POLITICS
12/17/2015 02:34 am ET Updated Jan 14, 2017

Police Fight Release Of Another Video Of Cop Fatally Shooting Unarmed Man

The slain man was mentally-ill and carrying a pen. The officer wore a body camera but did not turn it on.
Police Chief Shelley Zimmerman has said repeatedly she would not make public footage captured from body cameras except in the
Irfan Khan via Getty Images
Police Chief Shelley Zimmerman has said repeatedly she would not make public footage captured from body cameras except in the case of a "riot-type situation" where public safety is a risk.

SAN DIEGO (CN) - A federal judge made a swift decision on Wednesday to unseal surveillance video footage of the shooting death of an unarmed mentally ill man by a San Diego police officer.

After hearing arguments Tuesday on San Diego media outlets’ request to unseal the footage, U.S. District Judge William Hayes of the Southern District of California lifted the protected order. The order will stay in effect for the next seven days, however, to allow any party in the case to file an appeal.

Hayes heard arguments Tuesday presented by media outlets Voice of San Diego, KPBS, The Union Tribune, Inewsource and KGTV Channel 10 news on why there was not good cause to keep video taken by a security camera in a public alley in Point Loma sealed.

Attorney Guylyn Cummins, representing the outlets, said the media wants the tape unsealed so the family of slain 42-year-old Fridoon Rawshan Nehad could share their copy of the video publicly.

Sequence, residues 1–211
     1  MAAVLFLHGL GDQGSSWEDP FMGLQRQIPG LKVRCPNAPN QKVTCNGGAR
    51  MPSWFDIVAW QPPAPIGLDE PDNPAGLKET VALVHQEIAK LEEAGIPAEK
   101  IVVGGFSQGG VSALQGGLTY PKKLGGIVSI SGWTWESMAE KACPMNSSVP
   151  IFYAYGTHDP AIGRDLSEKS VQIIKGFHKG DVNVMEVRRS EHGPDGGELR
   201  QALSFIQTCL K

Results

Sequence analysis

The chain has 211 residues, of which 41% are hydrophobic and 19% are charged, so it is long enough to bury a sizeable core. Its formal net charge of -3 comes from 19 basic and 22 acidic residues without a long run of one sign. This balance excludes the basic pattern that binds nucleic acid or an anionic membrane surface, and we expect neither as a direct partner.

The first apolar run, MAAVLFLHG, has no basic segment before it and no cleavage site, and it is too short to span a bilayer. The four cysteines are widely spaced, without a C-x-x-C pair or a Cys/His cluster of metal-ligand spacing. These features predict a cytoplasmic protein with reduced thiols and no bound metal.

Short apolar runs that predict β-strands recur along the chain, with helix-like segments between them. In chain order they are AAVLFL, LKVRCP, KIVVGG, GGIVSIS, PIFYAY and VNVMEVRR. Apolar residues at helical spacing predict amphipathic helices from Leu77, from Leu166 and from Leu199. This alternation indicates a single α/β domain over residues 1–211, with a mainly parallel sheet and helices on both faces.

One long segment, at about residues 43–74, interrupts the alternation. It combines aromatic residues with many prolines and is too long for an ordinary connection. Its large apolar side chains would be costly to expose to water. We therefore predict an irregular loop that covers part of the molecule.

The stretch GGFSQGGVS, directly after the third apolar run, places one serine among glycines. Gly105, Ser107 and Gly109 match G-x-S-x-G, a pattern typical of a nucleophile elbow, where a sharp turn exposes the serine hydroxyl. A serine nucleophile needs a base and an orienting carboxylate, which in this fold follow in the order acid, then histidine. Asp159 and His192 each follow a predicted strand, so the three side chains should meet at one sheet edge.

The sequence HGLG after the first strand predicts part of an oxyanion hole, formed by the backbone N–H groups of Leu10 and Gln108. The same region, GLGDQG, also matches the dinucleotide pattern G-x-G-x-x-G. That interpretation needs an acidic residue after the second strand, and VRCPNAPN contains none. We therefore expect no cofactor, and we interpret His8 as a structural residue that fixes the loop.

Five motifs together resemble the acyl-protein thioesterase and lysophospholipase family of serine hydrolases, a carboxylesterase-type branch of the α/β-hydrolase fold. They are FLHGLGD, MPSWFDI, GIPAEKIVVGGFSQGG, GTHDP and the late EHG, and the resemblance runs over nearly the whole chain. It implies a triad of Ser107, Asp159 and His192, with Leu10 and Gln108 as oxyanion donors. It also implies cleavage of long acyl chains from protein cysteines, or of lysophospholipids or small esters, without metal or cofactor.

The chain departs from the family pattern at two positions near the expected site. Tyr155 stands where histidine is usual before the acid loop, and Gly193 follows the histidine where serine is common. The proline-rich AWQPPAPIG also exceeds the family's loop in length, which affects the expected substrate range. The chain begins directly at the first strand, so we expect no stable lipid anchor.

Officer Neal Browder, a 27-year veteran of the San Diego Police Department, shot and killed Nehad on April 30 while responding to a call of a man threatening people with a knife. Police later confirmed Nehad was unarmed and was holding a metallic pen at the time of the shooting.

Browder was wearing a body camera at the time of the shooting but failed to turn it on before making contact with Nehad, prompting the department to change its policy so officers are required to activate their cameras “prior to their arrival on radio calls that are likely to result in an enforcement contact.”

Chief Shelley Zimmerman has said repeatedly she would not make public footage captured from body cameras except in the case of a “riot-type situation” where public safety is a risk.

The media outlets originally sought access to the footage through a public records request that was denied by the department, which cited an exemption in the state’s Public Records Act for denying access to records used in an ongoing investigation.

“The public has a clear interest in investigating officer-involved shootings and the media have oversight duties,” Cummins said. “People on both sides of the camera can see what is really occurring and just how important to democracy these pieces of evidence are.”

The outlets claim the police department and city hunkered down so the public would not see the video, and the business that has a copy of the video is afraid to share it with the public without a court order.

Now that the order has been lifted, Nehad’s family can share their copy of the video with the outlets and the public. The family said they were required to enter into the order before they were allowed to view and get a copy of the video.

San Diego District Attorney Bonnie Dumanis said last month she would not file criminal charges against Browder, but attorneys for the city said during the hearing a federal investigation into the shooting may be opened.

“We are pleased with the judge’s decision,” Cummins said. “We think the information shielded from the protective order is important for the public to see.”

At least five city council members also announced via Twitter they would not vote to fight the order, including David Alvarez, Todd Gloria, Myrtle Cole, Scott Sherman and Chris Cate.

It is unknown if Browder will appeal, and his attorneys did not return a phone call requesting comment.

This story was originally published by Courthouse News.

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